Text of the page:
# Parametric derivatives

1. Jan 21, 2014

### sooyong94

1. The problem statement, all variables and given/known data
The parametric equations of a curve are
$x=\frac{1}{2}(sint cost+ t), y=\frac{1}{2} t-\frac{1}{4} sin2t$,
$-\pi/2<t\leq0$. P is a point on the curve such that the gradient at P is 1. Find the equation of the normal at P. Hence, determine if the normal at P meets the curve again.

2. Relevant equations
Parametric differentiation, chain rule

3. The attempt at a solution

I have found $\frac{dy}{dt}$ and $\frac{dt}{dx}$. ..Then $\frac{dy}{dx}=\frac{1-cos 2t}{1+cos2t}$

I have also found out that when $\frac{dy}{dx}=1$, $t=\frac{-\pi}{4}$. Then the equation of the normal is $y=-x-\frac{\pi}{4}$. Now I don't know how to determine if the normal at P meets the curve again...

2. Jan 21, 2014

### tiny-tim

hi sooyong94!
hint: what is x + y ?

3. Jan 21, 2014

### sooyong94

t ? :P

4. Jan 21, 2014

### HallsofIvy

Staff Emeritus
Yes, using the fact that sin(2t)= 2sin(t)cos(t), adding the parametric equations for x and y gives x+ y= t.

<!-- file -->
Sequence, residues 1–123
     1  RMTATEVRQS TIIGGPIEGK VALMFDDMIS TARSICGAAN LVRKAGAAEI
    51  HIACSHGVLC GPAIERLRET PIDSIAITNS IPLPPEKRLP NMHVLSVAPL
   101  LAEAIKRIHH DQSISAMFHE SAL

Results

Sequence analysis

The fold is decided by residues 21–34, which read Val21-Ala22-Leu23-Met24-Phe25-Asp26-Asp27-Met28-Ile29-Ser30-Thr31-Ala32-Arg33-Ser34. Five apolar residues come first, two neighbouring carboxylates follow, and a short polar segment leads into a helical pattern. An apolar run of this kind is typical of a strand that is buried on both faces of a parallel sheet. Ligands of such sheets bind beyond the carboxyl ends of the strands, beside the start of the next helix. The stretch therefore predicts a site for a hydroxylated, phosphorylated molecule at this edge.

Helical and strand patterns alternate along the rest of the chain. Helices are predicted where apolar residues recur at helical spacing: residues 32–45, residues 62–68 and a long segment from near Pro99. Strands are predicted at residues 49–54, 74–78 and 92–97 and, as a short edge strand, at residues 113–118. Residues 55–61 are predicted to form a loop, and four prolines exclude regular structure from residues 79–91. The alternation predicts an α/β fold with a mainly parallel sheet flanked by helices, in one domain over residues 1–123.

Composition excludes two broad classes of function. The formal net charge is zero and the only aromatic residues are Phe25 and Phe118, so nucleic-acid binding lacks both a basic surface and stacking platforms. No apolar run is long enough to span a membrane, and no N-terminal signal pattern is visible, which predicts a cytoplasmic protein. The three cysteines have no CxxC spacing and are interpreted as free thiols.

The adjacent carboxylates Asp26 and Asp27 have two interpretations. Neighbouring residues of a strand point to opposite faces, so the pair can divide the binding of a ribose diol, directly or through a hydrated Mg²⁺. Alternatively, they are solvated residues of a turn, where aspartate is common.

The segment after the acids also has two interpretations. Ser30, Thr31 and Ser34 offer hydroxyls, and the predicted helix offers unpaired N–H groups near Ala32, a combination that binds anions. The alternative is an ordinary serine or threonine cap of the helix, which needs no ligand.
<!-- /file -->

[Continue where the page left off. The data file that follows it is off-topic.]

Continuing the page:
But $y= -x- \frac{\pi}{4}$ tells you that $x+ y= \frac{\pi}{4}$. Wherever the curve and line intersect, they must both be true.

5. Jan 21, 2014

### sooyong94

But that's $t=\frac{\pi){4}$, which is not within the domain of t. :/

6. Jan 21, 2014

### tiny-tim

no, its -π/4

7. Jan 21, 2014

### sooyong94

:hmm: Wasn't there should another coordinate that intersects with the curve other than x=-pi/4?

8. Jan 21, 2014

### tiny-tim

??

do you mean x+y = -π/4 ?​

9. Jan 21, 2014

### sooyong94

I mean the normal line cuts the curve at other points... is it possible for that?

10. Jan 21, 2014

### Staff: Mentor

Questions about derivatives belong in the Calculus & Beyond section...